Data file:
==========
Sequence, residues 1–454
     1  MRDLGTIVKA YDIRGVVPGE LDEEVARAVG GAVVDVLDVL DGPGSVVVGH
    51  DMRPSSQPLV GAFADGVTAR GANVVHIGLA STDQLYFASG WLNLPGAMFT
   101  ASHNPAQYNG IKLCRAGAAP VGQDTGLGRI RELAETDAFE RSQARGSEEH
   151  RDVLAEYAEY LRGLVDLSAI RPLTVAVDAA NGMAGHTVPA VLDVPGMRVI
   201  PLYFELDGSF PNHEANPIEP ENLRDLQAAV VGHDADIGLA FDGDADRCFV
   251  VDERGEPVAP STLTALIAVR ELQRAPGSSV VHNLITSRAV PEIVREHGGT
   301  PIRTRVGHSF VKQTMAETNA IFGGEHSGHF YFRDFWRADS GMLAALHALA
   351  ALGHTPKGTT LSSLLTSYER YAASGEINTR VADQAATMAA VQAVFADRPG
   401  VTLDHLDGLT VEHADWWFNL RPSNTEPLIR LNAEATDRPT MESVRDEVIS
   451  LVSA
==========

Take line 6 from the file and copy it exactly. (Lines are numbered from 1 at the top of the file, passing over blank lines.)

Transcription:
   201  PLYFELDGSF PNHEANPIEP ENLRDLQAAV VGHDADIGLA FDGDADRCFV